2018 Menuhin Competition Names Four Senior Division Finalists

Wed, 18 Apr 2018 18:37:09 GMT

By Laurie Niles: Jurors have named four Senior Division finalists Tuesday in the 2018 Menuhin Competition, which began April 12 in Geneva, Switzerland and will conclude April 22. The Senior Division Finalists are:
  • Tianyou Ma, 17 of China
  • Diana Adamyan, 18 of Armenia
  • Nathan Mierdl, 20 of France/Germany
  • Hyunjae Lim, 20 of South Korea
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2018 Mehuhin Competition Senior Finalists. Image courtesy the Menuhin Competition.
The biennial Menuhin Competition, which was started in 1983 by violinist Yehudi Menuhin, is open to violinists younger than age 22 and has two age divisions: Junior (under age 16) and Senior (ages 16-21). Senior Finals will take place on Saturday, after which the laureates will be named. Junior Division Finals will take place on Friday. Here is a list of prizes that will be awarded. This year's competition drew more than 300 applicants worldwide, with 44 violinists representing 17 nationalities chosen to participate in the live competition. This year's jury includes Pamela Frank (chair), Joji Hattori (vice chair), Itamar Golan, Ilya Gringolts, Henning Kraggerud, Lu Siqing, Maxim Vengerov, Soyoung Yoon and Josef Spacek. BELOW: Here is the live stream from the Senior Division semi-finals: allowfullscreen="true" style="transition-duration:0;transition-property:no;margin:0 auto;position:relative;display:block;background-color:#000000;" frameborder="0" scrolling="no" width="720" height="406" src="https://www.arte.tv/player/v3/index.php?json_url=https%3A%2F%2Fapi.arte.tv%2Fapi%2Fplayer%2Fv1%2Fconfig%2Ffr%2F082080-006-A%3Fautostart%3D1%26lifeCycle%3D1 & lang=fr_FR & embed=1 & mute=0"> Find other performances on the Menuhin Competition's Youtube Channel. You might also like:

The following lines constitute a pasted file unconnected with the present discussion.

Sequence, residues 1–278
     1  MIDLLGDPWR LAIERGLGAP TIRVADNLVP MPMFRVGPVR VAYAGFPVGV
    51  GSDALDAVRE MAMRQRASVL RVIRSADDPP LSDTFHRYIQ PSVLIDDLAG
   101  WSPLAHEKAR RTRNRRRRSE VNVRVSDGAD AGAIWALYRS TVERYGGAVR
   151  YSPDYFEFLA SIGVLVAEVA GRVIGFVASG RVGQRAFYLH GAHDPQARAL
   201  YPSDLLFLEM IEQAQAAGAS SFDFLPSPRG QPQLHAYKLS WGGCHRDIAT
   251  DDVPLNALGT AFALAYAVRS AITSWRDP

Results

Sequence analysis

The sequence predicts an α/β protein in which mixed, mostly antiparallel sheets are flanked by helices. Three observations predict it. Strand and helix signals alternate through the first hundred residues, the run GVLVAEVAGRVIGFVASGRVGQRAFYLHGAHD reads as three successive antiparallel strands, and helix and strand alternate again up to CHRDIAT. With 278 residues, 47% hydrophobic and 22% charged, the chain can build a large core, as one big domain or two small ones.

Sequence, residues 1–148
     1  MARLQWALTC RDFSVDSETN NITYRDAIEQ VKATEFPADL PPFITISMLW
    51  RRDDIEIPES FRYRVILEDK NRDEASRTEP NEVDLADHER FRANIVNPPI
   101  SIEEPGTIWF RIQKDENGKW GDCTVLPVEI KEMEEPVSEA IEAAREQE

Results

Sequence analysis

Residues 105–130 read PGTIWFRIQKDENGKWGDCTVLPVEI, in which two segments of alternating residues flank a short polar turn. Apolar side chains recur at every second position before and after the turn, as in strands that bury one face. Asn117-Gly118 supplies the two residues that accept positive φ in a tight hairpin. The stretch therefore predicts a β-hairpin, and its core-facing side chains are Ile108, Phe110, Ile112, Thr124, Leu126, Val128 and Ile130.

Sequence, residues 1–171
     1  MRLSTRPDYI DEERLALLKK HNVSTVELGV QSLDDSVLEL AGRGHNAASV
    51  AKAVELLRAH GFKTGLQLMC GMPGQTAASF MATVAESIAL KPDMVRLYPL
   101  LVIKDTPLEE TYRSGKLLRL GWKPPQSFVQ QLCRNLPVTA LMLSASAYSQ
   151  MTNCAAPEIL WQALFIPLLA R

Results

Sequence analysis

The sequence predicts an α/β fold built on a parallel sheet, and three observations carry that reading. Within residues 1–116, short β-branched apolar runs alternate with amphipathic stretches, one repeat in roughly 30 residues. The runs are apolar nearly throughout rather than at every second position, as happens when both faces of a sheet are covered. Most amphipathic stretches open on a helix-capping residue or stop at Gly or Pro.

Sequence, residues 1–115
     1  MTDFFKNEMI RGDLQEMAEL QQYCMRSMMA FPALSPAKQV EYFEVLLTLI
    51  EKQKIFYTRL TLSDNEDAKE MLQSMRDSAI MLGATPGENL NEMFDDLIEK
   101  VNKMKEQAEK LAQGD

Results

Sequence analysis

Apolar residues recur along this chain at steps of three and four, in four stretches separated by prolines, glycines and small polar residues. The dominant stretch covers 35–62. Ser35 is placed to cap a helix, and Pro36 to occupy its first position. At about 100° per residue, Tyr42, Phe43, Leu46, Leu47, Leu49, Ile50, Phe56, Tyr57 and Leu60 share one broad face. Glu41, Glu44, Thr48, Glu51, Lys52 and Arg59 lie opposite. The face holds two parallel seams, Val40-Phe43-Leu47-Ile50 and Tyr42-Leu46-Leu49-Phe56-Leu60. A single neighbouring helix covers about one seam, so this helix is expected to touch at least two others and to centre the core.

The Well-Aging Fiddler: Progress Report - What’s Next?

Wed, 18 Apr 2018 14:49:45 GMT

By Michael Kennedy: May first will be the anniversary of the afternoon I decided to learn how to play a violin. On May 15 I’ll hit the one-year anniversary for taking violin lessons. Then on May 20 I’ll showoff what I’ve learned, playing around 20 short pieces in a pub here in Portland, Oregon. I’ll do my recital at the Muddy Rudder Public House. I’m inviting family, friends, and whoever else happens to be in the pub at 2 p.m. that Sunday afternoon to sit back, listen to the music and to eat and drink before, during, and after my performance. Frankly, if I came to a first year recital by a guy who is almost 69 years old, I might want a drink as well. The 20 minutes will either go well, or it won’t, but in any case, it will happen. They have great pizza and a full bar. So that will be that. The question for May 21 will be – what’s next?